This fan fiction is based on the 2007 movie I Am Legend, starring Will Smith, which was based on the 1954 novel by Richard Matheson. All characters in this chapter are my own, with the exception of the mention of Dr. Alice Krippin from the movie.
Jeremy Carter had been one of the many, an unlucky citizen, trapped in Manhattan the night they bombed the bridges in New York City, effectively quarantining the area. Weeks after the pullout, the military was still posting guard to be sure no one else came across to the mainland. They had said on the news that the plan was to contain the plague on the island, at "ground zero." But it was too late. Even the best doctors and scientists working on a solution could not have foreseen that this deceptive virus was already silently spreading across the globe in and amongst their own numbers. It would be only months before ninety percent of the world's human population was dead.
Jeremy's own father had been treated for cancer with the new "cure" developed by Dr. Alice Krippin. Everyone said the cure was saving millions of victims the world over. They'd been saying it for several months. What no one could have predicted, however, was that the genetically altered measles-virus used to fight and destroy cancer would also eventually turn into the most deadly plague the world had ever seen. Sadly, the people who had not already died from the plague were surviving only to become bloodthirsty creatures of the night, their minds crazed from the devastating changes the disease inflicted in their bodily chemistry to the point that their behavior hardly even resembled the humanity they once were. Or, they were people like Jeremy—the other one percent of the world's population who were naturally immune to the deadly disease, but were surviving only to be hunted and killed by the vampires in the night.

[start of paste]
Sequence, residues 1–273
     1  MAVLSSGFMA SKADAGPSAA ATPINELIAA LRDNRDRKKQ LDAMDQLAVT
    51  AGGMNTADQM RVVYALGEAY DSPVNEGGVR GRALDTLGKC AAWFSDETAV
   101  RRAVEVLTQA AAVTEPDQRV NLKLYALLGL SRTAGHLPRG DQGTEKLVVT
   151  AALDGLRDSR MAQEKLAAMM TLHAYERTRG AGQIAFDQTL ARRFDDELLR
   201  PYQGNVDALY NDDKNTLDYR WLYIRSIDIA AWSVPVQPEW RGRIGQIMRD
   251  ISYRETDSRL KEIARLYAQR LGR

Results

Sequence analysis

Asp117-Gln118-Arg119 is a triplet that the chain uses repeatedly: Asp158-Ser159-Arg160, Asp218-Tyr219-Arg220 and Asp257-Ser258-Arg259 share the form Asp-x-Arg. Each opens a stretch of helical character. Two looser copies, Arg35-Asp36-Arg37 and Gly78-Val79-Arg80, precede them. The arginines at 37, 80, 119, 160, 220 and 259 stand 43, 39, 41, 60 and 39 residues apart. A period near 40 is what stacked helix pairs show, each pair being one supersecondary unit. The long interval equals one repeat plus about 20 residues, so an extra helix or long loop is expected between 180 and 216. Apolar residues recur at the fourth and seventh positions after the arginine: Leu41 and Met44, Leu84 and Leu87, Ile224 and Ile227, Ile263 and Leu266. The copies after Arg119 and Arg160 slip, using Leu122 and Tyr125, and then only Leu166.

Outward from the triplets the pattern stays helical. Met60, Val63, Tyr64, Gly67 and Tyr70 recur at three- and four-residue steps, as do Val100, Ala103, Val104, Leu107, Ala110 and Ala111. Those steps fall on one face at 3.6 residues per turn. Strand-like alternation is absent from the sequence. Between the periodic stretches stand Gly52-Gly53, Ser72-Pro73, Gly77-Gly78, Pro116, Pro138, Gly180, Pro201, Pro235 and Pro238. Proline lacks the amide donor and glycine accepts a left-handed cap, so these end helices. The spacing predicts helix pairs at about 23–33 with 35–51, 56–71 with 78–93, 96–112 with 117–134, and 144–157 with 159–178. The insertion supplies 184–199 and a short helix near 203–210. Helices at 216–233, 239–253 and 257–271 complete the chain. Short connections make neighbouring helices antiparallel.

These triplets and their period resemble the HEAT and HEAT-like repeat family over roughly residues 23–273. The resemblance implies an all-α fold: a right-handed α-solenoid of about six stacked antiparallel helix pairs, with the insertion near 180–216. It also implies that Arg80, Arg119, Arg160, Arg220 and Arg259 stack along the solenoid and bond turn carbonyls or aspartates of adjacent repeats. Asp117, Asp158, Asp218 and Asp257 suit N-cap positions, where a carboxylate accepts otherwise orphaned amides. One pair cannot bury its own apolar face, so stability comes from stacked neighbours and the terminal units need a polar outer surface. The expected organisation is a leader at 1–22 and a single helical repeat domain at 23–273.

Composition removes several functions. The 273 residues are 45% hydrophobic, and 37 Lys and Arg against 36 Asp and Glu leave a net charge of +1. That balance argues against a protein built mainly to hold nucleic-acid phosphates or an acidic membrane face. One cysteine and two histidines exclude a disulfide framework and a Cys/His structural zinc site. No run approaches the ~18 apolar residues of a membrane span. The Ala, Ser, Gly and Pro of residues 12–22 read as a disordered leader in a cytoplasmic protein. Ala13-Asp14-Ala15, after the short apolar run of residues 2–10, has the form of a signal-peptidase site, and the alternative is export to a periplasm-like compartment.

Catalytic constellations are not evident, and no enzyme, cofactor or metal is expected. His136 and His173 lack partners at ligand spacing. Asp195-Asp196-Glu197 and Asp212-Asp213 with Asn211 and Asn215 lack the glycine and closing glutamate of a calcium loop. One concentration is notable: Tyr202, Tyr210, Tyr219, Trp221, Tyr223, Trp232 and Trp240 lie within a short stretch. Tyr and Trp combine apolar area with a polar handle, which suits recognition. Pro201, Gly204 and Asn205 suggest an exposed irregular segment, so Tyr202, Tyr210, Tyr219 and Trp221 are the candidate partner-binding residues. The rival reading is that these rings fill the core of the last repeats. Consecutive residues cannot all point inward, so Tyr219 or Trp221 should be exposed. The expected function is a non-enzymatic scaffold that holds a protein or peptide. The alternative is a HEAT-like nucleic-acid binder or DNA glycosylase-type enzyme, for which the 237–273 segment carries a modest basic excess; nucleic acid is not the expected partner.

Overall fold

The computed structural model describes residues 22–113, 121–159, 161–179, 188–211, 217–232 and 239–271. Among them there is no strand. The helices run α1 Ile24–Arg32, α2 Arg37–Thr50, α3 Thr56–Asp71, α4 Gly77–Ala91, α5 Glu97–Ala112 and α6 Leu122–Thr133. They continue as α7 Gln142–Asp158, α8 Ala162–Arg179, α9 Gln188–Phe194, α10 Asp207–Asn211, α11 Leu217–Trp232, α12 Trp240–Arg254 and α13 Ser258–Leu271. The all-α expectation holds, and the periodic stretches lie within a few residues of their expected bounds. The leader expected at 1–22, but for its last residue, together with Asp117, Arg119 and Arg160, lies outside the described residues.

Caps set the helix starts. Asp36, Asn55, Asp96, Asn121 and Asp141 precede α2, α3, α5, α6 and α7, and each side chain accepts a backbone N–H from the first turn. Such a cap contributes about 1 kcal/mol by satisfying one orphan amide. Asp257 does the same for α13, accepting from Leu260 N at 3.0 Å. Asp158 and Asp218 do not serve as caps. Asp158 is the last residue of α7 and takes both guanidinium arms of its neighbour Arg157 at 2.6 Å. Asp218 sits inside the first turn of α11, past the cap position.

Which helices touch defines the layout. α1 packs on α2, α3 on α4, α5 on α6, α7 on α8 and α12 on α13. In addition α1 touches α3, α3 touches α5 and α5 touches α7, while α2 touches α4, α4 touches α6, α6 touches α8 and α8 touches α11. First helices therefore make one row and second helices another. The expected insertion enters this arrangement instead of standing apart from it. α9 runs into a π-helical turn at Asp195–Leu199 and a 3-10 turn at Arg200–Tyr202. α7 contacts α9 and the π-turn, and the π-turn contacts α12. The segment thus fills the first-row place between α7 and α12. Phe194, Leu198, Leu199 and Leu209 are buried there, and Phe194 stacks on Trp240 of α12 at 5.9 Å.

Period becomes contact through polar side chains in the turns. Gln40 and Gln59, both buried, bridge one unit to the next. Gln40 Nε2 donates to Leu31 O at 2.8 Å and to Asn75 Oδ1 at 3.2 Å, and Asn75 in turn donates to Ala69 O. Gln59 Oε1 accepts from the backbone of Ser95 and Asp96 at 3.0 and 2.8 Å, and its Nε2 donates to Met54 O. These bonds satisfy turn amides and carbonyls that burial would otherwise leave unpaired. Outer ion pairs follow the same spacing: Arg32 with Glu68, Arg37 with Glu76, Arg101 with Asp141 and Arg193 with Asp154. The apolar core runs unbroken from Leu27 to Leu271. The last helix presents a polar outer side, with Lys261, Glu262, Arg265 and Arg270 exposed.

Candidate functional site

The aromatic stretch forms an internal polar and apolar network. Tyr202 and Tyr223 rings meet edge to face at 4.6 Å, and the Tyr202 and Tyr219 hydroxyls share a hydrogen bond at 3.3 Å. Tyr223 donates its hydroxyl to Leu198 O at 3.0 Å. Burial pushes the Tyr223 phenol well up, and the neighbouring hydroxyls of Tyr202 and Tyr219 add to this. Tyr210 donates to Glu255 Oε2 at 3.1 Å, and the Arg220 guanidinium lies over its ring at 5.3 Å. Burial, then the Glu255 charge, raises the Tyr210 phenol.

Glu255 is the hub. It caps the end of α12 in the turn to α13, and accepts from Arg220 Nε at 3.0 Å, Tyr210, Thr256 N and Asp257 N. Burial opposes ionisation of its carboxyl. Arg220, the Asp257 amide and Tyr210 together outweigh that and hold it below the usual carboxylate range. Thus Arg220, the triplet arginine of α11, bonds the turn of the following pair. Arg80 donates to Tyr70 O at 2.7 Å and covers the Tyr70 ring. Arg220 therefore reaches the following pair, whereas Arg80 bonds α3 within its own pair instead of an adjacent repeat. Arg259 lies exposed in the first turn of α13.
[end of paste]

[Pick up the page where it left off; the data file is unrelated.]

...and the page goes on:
It was no kind of life, but try as he might, Jeremy couldn't just roll over and die. Sometimes at night, when the tortured howls of the street vampires echoed through the halls of his secured townhouse, the twenty-three year old machinist would lie on his bed wishing he could do just that. Die. It would be easier than to go on living in terror like this, alone, without hope.
All of that changed one day while he was foraging in apartments for food and any other useful provisions he could carry off. He happened to open a bedroom door and heard movement from inside the closet. The M-16 hanging from his shoulder was a relic from bygone war years—back before he'd been thought of—but it jumped immediately to his shoulder just the same, the panic and impulse to riddle the room with lead nearly overtaking him.
He fought off the first wave of fear. It could be a vampire, he told himself, hiding in there from the daylight which all of them seemed to dread so much. Jeremy forced himself to stand his ground. Or, it could also be someone like himself, though he hadn't seen another soul for…he'd forgotten how long. Months? Years?
His voice sounded strange to him when he called out now, the stress and lack of use taking their tolls on his vocal chords. "If someone is in there and you are not infected, I mean you no harm. Come out in the light where I can see you."
Jeremy brought the gun up tighter. He didn't like this at all. The vampires usually fled from any source of ultraviolet light, like the kind streaming in through the windows of the apartment. Even this southwest-corner bedroom was well lit. But sometimes—he had seen it himself—they might venture into the light for brief moments, if they were hungry enough and thought they could jump a victim quickly.